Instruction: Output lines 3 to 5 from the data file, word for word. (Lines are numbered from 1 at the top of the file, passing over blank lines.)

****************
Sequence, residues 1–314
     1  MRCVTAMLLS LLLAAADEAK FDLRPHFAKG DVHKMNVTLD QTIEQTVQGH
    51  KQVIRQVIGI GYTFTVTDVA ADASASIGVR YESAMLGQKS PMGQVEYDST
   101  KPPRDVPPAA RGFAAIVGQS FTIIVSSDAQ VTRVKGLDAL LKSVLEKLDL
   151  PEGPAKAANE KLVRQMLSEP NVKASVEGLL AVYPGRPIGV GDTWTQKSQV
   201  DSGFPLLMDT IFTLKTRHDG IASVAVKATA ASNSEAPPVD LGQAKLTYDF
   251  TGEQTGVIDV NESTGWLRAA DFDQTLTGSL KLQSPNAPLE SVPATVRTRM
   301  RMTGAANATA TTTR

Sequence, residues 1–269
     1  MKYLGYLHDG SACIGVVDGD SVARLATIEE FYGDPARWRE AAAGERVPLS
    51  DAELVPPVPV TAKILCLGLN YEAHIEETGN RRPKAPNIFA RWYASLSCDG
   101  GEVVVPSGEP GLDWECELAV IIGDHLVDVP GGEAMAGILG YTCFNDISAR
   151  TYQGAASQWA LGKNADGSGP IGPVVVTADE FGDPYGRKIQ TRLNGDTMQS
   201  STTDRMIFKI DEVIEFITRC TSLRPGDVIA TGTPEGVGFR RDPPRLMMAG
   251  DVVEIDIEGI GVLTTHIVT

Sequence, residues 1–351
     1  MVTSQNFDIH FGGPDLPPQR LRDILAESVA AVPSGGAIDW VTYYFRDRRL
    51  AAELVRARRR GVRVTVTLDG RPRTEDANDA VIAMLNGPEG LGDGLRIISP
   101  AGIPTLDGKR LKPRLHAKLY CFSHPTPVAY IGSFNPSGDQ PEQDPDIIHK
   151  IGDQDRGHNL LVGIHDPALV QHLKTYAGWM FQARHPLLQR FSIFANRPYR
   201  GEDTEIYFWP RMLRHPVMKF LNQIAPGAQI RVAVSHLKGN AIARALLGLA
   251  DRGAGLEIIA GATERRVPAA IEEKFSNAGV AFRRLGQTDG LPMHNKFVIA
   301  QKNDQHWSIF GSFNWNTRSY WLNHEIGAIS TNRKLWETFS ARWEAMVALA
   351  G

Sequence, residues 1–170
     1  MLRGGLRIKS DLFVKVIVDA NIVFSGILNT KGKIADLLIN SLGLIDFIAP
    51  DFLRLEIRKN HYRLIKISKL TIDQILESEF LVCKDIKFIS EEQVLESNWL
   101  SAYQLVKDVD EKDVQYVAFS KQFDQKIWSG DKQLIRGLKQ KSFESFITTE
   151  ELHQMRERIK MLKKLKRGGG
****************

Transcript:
    51  KQVIRQVIGI GYTFTVTDVA ADASASIGVR YESAMLGQKS PMGQVEYDST
   101  KPPRDVPPAA RGFAAIVGQS FTIIVSSDAQ VTRVKGLDAL LKSVLEKLDL
   151  PEGPAKAANE KLVRQMLSEP NVKASVEGLL AVYPGRPIGV GDTWTQKSQV